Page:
And here's the funny part: some of the debris in that ring might be living people. Close to the event horizon the tidal stresses are enough to tear a person apart into component atoms, but a hundred kilometers farther out, the stresses would be felt but would not be lethal. Such a disaster would be a rough ride indeed, but anyone wearing a spacesuit, or holed up in a submarine, or trapped in a bank vault or an underground military bunker, would have a small but possibly nonzero chance of surviving. In a world of 6 billion, there might just be a few bewildered refugees floating here and there. The odds are even better for plant seeds and bacterial spores, some of which have been shown to survive the vacuum, radiation, heat and cold of outer space. And if we're talking clonable DNA, well, there should be plenty of that, albeit smeared across billions of chunks of jagged rock. There would also be artifacts, including any satellites or space stations in orbit around the planet before the disaster started. Remember, the gravity they experience would not change either; their orbits would hardly quiver. Point is, while the planet would of course be a total loss, a determined salvage operation could probably find enough bits and pieces of its history and biology to cobble together, on some other similar planet, a rough approximation of the way things used to be.

So. The planet's destruction would be nowhere near as quick or as total as Star Trek's otherwise capable writers and director would have us believe. Then again, given that the whole sequence occupies only a few minutes of the storyline's 2.1-hour runtime, you should probably go see it anyway, as millions of people have already done. True to the Star Trek franchise, it's a tense, fun and ultimately hopeful story that will likely kick off a whole new sequence of rebooted cinematic glory.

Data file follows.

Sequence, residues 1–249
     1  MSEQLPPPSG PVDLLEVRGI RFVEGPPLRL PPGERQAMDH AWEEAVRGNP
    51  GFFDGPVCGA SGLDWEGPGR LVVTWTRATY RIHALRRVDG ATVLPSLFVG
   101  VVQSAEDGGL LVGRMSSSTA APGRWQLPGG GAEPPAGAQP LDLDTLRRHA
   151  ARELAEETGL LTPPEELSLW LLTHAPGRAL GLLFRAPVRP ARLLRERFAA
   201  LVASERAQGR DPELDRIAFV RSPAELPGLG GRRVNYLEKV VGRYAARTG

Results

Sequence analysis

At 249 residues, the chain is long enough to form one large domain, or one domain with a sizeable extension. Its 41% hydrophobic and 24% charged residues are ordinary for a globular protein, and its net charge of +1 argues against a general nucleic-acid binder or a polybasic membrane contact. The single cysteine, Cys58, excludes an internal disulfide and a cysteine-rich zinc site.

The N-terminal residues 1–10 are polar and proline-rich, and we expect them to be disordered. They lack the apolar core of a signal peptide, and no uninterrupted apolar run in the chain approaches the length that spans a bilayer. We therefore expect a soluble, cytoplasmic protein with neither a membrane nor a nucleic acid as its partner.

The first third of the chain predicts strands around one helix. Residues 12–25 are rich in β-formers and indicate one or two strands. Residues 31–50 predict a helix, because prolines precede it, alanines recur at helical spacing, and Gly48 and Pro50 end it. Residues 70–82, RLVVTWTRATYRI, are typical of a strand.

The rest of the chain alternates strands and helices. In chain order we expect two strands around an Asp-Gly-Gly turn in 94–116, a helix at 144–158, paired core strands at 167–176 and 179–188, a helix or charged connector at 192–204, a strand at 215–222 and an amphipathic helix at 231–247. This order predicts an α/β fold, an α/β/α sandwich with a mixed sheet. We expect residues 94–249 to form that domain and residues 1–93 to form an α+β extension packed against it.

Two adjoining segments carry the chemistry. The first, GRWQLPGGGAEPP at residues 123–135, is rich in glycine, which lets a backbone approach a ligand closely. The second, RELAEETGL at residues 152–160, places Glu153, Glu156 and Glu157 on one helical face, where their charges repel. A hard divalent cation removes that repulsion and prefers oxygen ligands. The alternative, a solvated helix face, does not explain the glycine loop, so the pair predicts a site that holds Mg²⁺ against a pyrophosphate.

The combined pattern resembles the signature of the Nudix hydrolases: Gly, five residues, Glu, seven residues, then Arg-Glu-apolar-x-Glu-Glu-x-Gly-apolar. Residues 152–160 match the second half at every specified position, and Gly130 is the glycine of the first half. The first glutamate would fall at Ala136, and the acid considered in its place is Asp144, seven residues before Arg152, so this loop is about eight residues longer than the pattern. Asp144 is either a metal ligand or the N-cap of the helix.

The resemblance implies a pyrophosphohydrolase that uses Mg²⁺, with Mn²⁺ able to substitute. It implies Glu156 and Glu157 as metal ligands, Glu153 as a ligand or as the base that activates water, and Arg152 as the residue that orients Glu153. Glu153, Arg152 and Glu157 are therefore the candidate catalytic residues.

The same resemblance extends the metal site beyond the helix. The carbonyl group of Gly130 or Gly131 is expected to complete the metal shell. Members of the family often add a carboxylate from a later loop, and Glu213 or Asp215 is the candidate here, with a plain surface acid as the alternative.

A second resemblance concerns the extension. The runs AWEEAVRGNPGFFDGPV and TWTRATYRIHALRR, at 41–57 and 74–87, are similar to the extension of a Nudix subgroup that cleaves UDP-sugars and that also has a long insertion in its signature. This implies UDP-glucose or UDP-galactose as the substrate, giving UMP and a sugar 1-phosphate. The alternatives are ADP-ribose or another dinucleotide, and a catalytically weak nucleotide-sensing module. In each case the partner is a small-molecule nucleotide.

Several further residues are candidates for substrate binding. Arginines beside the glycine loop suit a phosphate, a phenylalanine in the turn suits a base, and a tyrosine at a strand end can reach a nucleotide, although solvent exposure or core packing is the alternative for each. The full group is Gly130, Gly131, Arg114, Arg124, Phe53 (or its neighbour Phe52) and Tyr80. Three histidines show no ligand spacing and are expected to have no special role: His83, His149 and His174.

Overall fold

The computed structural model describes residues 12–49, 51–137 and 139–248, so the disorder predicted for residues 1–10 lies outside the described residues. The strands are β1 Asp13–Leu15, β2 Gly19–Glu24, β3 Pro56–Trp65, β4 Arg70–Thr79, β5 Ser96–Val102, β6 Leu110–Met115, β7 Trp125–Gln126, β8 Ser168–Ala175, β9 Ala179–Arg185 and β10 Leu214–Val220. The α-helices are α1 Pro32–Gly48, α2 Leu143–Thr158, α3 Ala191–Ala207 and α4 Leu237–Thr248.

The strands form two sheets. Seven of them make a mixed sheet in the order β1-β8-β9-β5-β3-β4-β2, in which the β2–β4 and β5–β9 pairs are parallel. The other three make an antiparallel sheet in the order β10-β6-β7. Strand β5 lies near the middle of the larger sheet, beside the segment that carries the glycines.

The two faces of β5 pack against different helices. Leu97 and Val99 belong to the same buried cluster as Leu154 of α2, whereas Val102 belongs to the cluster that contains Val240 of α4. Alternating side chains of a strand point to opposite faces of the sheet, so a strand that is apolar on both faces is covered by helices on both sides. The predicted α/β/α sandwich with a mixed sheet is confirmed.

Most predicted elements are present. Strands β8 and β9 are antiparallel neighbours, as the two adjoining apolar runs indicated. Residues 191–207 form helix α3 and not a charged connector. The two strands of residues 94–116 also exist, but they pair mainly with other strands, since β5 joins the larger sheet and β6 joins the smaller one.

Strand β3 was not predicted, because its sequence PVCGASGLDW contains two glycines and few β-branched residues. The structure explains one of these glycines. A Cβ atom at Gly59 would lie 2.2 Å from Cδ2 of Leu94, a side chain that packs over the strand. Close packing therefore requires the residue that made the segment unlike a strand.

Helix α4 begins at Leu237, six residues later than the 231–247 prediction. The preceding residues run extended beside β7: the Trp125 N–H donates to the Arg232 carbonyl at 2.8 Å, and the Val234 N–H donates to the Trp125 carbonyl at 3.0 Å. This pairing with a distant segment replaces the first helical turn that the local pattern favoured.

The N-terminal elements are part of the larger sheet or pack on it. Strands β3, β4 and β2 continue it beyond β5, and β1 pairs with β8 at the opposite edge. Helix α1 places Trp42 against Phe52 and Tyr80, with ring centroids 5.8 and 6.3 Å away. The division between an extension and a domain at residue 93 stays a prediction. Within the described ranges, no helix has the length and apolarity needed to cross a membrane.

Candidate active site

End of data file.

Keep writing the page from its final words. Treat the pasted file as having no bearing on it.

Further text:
McCarthy, Wil: The Collapsium, Appendix C, Technical Notes, Del Rey Books, 2000
Wikipedia: The Free Encyclopedia ( "lightning", "Prius", "iron", "Earth"
The Internet Movie Database ( Star Trek Star Trek
C. Balto and S.M. Cali: PaperTech Astronomical Data I, Papertech Marketing Group, 1985

Wil McCarthy is a rocket guidance engineer, robot designer, nanotechnologist, science-fiction author and occasional aquanaut. He has contributed to three interplanetary spacecraft, five communication and weather satellites, a line of landmine-clearing robots and some other "really cool stuff" he can't tell us about. His short writings have graced the pages of Analog, Asimov's, Wired, Nature and other major publications, and his book-length works include the New York Times notable Bloom, Amazon "Best of Y2K" The Collapsium and most recently, To Crush the Moon. His acclaimed nonfiction book Hacking Matter is now available as a free download.